It's been a while since taxes were a potent political issue. It was almost 20 years ago that George H.W. Bush invited voters to "read my lips" and a baker's dozen years since Republicans captured Congress by decrying the Clinton tax increases. George W. Bush did promise to cut taxes, but it didn't help him much in 2000, and the ensuing economic recovery didn't help him much in 2004.
But taxes could be an issue in 2008, as the federal tax structure is poised to change in the next few years.
First, the Bush tax cuts are scheduled to expire in 2010, and the Democrats, who seem almost sure to hold or expand their majorities in the next Congress, seem determined not to extend some or all of them. So taxes at least on high earners are likely to rise. And secondly, the alternative minimum tax, passed in 1969 to prevent a handful of millionaires from avoiding income tax altogether, is now slated to hit more than 20 percent of taxpayers. And that percentage is due to rise every year because the AMT is not indexed for inflation.
The paradox is that the same Democrats who want to increase top-bracket income and capital-gains tax rates are desperately eager to spare relatively high earners from the AMT -- so desperate that Senate Democrats agreed to waive the "paygo" rule they reinstated when they took control.
Paygo requires that a tax cut be offset by a tax increase or a spending cut of corresponding dollar amounts. But when the Senate early this month passed its $50 billion AMT "patch" exempting 230 million taxpayers from the AMT for one year, it waived the paygo rule.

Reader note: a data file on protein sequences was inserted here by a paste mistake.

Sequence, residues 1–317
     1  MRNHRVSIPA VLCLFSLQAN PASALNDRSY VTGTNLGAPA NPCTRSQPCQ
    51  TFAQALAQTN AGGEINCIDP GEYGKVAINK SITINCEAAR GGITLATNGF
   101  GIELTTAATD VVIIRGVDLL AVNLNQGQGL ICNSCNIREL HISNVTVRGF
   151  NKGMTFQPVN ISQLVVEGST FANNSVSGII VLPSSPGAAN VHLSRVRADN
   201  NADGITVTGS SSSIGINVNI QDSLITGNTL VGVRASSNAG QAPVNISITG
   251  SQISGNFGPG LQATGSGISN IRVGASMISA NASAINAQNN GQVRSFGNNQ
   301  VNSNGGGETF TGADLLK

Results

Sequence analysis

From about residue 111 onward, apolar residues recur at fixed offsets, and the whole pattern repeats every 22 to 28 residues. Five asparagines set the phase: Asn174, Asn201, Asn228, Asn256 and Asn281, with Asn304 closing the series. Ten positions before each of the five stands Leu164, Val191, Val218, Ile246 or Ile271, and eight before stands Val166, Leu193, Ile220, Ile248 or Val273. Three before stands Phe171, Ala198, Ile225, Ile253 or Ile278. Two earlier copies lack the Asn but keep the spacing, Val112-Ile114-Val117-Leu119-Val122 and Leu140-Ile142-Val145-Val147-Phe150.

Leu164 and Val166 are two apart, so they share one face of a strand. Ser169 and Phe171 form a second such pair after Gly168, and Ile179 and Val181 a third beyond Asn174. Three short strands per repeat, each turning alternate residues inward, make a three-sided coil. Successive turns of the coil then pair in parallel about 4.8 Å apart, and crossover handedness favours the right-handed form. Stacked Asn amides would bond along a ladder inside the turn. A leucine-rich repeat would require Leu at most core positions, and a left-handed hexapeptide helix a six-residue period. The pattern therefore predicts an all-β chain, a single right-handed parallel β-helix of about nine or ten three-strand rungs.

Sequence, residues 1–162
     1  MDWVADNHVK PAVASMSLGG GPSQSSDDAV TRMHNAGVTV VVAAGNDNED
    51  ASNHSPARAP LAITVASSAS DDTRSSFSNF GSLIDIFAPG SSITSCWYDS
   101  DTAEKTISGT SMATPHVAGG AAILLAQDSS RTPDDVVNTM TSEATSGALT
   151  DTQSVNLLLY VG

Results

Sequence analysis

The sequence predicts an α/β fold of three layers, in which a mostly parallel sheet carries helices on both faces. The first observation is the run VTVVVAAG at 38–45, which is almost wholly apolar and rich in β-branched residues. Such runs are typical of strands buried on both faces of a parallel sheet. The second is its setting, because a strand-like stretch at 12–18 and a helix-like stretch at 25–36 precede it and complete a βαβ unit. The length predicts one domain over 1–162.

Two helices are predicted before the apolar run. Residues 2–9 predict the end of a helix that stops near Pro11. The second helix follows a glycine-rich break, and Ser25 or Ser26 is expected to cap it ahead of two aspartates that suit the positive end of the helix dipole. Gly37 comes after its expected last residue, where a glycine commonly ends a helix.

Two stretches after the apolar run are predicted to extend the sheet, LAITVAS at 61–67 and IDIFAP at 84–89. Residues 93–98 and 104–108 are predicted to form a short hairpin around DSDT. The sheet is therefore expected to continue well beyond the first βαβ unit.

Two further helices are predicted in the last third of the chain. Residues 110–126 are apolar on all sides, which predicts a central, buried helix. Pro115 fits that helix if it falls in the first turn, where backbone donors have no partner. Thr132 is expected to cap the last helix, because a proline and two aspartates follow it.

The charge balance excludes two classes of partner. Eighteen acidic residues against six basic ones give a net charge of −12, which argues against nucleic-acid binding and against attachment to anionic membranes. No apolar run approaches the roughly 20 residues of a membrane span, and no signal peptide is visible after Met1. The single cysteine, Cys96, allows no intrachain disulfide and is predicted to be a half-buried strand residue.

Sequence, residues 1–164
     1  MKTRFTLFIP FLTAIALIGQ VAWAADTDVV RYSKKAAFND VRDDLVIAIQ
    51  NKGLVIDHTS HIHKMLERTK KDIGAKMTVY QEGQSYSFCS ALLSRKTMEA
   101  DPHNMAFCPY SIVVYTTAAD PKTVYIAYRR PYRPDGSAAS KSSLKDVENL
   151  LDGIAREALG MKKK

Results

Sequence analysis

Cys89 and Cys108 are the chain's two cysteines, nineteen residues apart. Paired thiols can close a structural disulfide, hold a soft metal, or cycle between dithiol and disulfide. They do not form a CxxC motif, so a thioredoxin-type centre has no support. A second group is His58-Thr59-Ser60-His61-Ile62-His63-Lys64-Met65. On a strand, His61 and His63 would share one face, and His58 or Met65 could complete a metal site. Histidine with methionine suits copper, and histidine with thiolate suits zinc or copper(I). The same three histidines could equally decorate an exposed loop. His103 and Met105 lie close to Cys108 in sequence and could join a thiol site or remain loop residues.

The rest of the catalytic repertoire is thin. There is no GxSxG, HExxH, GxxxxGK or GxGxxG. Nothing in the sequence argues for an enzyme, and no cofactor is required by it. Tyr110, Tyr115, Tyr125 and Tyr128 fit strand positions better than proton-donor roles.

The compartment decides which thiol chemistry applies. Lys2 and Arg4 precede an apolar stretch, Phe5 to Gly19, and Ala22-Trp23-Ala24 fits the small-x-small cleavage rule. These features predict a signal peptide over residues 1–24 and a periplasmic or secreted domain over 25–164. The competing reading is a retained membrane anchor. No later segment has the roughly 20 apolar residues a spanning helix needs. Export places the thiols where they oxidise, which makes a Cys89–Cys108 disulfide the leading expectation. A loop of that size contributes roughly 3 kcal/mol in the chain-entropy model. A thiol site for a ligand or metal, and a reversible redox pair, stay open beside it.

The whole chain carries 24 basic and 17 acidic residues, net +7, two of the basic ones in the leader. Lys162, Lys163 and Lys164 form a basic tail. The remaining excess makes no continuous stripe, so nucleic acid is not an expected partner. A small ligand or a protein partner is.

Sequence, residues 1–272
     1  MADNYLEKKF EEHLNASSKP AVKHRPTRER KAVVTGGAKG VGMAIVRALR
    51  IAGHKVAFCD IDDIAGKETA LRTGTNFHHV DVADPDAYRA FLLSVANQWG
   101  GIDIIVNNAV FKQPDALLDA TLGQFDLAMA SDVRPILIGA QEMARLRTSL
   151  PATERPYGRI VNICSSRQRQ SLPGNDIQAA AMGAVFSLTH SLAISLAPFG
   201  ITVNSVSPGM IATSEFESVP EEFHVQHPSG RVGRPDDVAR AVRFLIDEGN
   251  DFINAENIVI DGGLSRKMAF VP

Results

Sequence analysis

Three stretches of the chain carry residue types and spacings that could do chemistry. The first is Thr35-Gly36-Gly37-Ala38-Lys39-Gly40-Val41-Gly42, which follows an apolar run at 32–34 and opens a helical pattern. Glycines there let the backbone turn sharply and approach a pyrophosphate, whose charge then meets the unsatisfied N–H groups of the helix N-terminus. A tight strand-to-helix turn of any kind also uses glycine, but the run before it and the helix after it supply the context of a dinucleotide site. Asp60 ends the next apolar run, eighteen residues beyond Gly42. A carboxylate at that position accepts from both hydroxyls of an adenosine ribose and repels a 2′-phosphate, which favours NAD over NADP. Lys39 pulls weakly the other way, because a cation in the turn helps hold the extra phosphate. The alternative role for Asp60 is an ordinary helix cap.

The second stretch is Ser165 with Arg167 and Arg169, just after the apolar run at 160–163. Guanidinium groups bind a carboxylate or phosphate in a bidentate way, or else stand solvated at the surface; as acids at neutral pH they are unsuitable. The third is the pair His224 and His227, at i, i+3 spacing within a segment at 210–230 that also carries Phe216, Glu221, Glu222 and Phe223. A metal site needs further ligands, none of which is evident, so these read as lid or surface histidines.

House Democrats are simmering, but they will probably have to go along. There's a process argument for waiving paygo, which is that future AMT revenues are fictitious because no Congress will allow the tax to go into effect. But it's nonetheless embarrassing for Democrats to renounce a rule they adopted as a guarantee of their fiscal responsibility.The reason Democrats risked this embarrassment is that the AMT tends to fall on voters in places with high state and local government spending and taxes -- Democratic places like Massachusetts, Connecticut, New York, New Jersey, Maryland and California.
Taxpayers hit by the AMT can't deduct state and local taxes from their federal income tax bill. Sooner or later, that puts downward political pressure on state and local spending. And that, in turn, threatens the vested interest of a key Democratic constituency, the public employee unions. Democratic voters in suburban New Jersey, for example, who feel far from rich, face a substantial tax increase if they're suddenly covered by the AMT. They may take their revenge on Democratic candidates and on New Jersey public employee union members.
The Democrats' need to get rid of the AMT suggests the possibility of broader tax reform. House Ways and Means Chairman Charles Rangel has put forth such a proposal, with a cut in the corporate tax rate and huge tax increases on very high earners. But it's a nonstarter as long as George W. Bush is in office.
Meanwhile, in this election cycle, the AMT remains largely invisible to the voters who are threatened by it, and it will remain so unless Congress somehow fails to patch it this year. The more visible issue is whether or to what extent taxes will go up in 2010.
Democrats, conscious of the popularity of some recent governors who have raised taxes (like Mark Warner of Virginia), seem on the surface unfazed by the political risks of tax increases and are preparing to argue that they'll raise taxes only on the rich. But this may be awkward at a time when the budget deficit is rapidly declining and when we face the nontrivial possibility of a recession.
A tax increase in a recession is usually not a good idea. And Republicans will say that when Democrats promise to tax the rich, they end up raising taxes on the ordinary person, as Bill Clinton and the Democratic Congress did in 1993. The Democrats' desperation to patch the AMT and their willingness to break their own paygo rule suggest that they fear the wrath of those New Jersey suburbanites more than they let on.